2-28-18 1:14 PM EST | Email Article
By Paul Vieira 

Business investment in Canada is expected to cool significantly in 2018, reflecting a deep pullback in the country's energy sector as heavy western Canadian crude fetches prices well below global benchmarks.

In addition, uncertainty from the renegotiation of the North American Free Trade Agreement and concerns about Canada's competitiveness after sweeping U.S. tax cuts are keeping a lid on business investment, economists have said.

Statistics Canada said Wednesday its annual survey of capital-spending plans by private- and public-sector organizations indicate a rise in business investment of just 0.8%, compared with a 3% increase in 2017. Investment by companies involved in oil-and-gas extraction is projected to decline 12% this year, the data agency said, the fourth straight annual drop.

The result underscores a slowdown under way in Canadian economic output, following a strong first half of 2017, and begins to cast doubt on how aggressive the Bank of Canada might be this year in lifting interest rates.

The Bank of Canada said in January that uncertainty associated with U.S. trade policy, and more favorable conditions created in the U.S. by the tax-code overhaul, will likely pose a drag on investment growth in Canada.

Avery Shenfeld, chief economist at CIBC World Markets, said the steep drop projected for energy investment in the Statistics Canada report reflects the discount on western Canadian heavy oil versus global benchmarks.

While global commodity prices and Canadian energy output climbed last year, pipeline-capacity constraints in Canada have limited producers' options for moving their products to new markets. As a result, the Canadian government said in its annual budget plan this week, the discount on Alberta heavy crude versus West Texas Intermediate has reached $20 a barrel in early 2018, versus an average $9.61 gap for all of 2017.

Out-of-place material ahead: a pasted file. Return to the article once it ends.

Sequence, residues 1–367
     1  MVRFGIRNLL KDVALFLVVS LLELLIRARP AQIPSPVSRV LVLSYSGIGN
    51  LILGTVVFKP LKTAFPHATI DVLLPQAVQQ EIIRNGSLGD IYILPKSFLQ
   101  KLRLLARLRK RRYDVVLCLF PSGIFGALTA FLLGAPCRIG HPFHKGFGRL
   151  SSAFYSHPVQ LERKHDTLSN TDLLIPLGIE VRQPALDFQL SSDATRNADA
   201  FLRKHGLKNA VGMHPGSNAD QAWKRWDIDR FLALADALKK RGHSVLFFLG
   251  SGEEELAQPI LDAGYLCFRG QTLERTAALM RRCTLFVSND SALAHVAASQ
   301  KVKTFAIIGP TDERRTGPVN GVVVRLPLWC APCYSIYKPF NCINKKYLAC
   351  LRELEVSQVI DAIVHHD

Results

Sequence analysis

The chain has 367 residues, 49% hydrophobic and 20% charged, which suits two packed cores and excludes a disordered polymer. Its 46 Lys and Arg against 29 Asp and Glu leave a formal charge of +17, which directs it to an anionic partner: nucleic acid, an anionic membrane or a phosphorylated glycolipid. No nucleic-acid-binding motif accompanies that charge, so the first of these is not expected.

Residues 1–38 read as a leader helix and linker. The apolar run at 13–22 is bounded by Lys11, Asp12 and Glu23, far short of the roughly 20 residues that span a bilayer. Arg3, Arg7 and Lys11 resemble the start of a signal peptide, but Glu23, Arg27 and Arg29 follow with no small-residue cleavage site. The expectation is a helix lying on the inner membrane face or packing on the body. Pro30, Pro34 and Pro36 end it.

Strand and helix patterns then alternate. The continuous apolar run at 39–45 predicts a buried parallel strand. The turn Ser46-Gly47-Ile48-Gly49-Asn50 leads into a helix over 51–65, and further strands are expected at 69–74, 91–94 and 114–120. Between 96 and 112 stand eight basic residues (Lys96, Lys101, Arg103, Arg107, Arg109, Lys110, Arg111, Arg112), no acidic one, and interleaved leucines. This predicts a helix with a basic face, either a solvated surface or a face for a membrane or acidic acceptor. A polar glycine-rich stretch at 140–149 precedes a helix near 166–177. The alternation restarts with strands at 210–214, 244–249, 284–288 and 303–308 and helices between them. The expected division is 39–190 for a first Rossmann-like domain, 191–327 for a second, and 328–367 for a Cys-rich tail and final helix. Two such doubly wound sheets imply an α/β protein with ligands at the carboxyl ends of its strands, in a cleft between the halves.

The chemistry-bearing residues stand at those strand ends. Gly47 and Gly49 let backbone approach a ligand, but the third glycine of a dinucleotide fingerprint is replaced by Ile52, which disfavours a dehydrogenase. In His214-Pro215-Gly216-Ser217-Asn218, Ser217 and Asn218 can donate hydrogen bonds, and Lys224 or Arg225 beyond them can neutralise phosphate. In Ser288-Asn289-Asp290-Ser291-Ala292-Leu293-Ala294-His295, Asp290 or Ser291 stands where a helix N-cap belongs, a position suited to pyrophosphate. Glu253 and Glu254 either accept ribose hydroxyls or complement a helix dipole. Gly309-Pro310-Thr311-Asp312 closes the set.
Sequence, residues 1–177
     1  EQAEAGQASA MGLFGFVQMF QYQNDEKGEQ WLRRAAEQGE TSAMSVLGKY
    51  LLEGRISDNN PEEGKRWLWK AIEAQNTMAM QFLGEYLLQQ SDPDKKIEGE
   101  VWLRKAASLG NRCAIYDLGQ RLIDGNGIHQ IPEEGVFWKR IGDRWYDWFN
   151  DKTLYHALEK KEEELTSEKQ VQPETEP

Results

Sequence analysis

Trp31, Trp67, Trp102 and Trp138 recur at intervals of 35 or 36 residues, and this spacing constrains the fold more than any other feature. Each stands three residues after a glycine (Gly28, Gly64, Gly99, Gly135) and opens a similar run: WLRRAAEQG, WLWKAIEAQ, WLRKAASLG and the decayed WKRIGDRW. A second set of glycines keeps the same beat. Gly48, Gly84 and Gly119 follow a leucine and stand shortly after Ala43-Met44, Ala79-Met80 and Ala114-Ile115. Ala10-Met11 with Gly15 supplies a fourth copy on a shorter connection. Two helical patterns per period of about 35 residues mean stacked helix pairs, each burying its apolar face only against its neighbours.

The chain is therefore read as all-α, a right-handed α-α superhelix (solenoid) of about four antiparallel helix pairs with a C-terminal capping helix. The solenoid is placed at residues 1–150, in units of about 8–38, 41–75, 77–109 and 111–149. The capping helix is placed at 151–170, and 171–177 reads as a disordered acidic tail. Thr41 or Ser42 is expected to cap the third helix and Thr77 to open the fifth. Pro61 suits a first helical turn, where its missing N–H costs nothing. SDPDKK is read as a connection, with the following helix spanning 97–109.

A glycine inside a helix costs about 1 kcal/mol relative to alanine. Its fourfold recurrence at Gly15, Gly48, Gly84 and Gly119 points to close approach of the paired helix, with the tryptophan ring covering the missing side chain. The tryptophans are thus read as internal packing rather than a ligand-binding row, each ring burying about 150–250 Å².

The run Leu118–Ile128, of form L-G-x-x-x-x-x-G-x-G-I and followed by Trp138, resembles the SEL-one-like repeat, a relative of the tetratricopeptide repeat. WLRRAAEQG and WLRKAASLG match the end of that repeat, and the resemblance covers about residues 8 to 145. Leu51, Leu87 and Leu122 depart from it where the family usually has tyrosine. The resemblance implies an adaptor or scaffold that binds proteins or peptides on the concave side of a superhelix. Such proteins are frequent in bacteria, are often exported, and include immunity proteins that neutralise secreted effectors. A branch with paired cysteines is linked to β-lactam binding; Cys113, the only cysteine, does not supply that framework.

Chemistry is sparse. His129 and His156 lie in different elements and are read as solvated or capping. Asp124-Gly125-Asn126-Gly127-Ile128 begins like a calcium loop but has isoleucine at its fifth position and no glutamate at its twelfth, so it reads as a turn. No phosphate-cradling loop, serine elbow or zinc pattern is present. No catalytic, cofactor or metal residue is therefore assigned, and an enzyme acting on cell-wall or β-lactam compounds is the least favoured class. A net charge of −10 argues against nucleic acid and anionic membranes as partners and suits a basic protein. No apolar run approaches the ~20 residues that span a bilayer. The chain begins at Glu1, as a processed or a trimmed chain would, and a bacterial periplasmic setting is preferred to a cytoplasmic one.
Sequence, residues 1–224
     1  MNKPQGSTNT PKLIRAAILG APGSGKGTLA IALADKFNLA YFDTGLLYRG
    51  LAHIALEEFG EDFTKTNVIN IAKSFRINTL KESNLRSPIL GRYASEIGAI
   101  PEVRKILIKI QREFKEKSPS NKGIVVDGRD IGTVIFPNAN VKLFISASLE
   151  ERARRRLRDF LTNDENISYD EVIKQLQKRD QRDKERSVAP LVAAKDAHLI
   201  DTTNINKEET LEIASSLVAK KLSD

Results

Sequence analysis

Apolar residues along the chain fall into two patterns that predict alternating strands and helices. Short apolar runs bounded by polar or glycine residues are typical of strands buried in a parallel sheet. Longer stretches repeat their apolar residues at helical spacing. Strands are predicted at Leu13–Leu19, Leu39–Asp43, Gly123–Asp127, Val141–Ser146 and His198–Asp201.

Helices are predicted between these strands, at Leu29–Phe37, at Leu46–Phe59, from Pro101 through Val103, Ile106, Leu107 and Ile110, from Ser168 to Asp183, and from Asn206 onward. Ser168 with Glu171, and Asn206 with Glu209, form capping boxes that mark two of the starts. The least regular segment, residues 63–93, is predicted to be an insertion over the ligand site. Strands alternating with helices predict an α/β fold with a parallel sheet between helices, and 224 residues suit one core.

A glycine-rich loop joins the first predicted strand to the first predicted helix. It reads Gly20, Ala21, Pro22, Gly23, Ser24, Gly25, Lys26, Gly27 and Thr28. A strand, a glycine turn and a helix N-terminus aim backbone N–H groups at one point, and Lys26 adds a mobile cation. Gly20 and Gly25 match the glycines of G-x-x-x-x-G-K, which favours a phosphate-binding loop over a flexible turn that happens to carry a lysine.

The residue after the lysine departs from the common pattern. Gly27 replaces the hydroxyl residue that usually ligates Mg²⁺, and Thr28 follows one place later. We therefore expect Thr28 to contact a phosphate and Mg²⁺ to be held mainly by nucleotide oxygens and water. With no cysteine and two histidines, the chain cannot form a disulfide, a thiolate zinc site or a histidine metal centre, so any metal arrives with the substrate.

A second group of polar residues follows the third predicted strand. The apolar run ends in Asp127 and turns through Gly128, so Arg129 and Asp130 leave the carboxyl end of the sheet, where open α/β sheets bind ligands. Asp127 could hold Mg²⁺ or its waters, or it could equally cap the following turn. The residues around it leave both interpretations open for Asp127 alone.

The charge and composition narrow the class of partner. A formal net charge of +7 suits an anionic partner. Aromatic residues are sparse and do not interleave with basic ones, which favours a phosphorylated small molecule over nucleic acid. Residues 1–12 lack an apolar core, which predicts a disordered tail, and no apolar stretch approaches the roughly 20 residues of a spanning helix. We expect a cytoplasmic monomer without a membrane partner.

The Canadian Association for Petroleum Producers warned this week the lack of pipelines and an increasing tax and regulatory burden are "undermining" investor confidence in the Canadian resource sector.

The association's own figures indicate capital spending in the Canadian energy patch last year totaled 45 billion Canadian dollars ($35.3 billion), a decline of 19% from 2016 and a drop of nearly half from 2014. In comparison, the association added, private-sector U.S. spending on energy rose 38% in 2017.

The Statistics Canada report "leaves some early downside risk to the Bank of Canada's -- and our own -- call for business investment to add more to overall economic growth in 2018 than in 2017," said Nathan Janzen, economist at Royal Bank of Canada.

Dina Ignjatovic, economist at TD Bank, added because of uncertainties surrounding Nafta and a more competitive tax environment in the U.S., "Canadian export-oriented firms may choose to hold back investment, or direct it stateside."

Overall, total private-sector capital spending in 2018 is expected to drop 1.1%, according to the Statistics Canada survey, while public-sector investment is expected to rise 4.4%. Offsetting the decline in energy is a 6.2% jump in investment plans from Canada's factory sector, which likely reflects increased U.S. demand.

Write to Paul Vieira at paul.vieira@wsj.com


(END) Dow Jones Newswires

February 28, 2018 13:14 ET (18:14 GMT)

Copyright (c) 2018 Dow Jones & Company, Inc.
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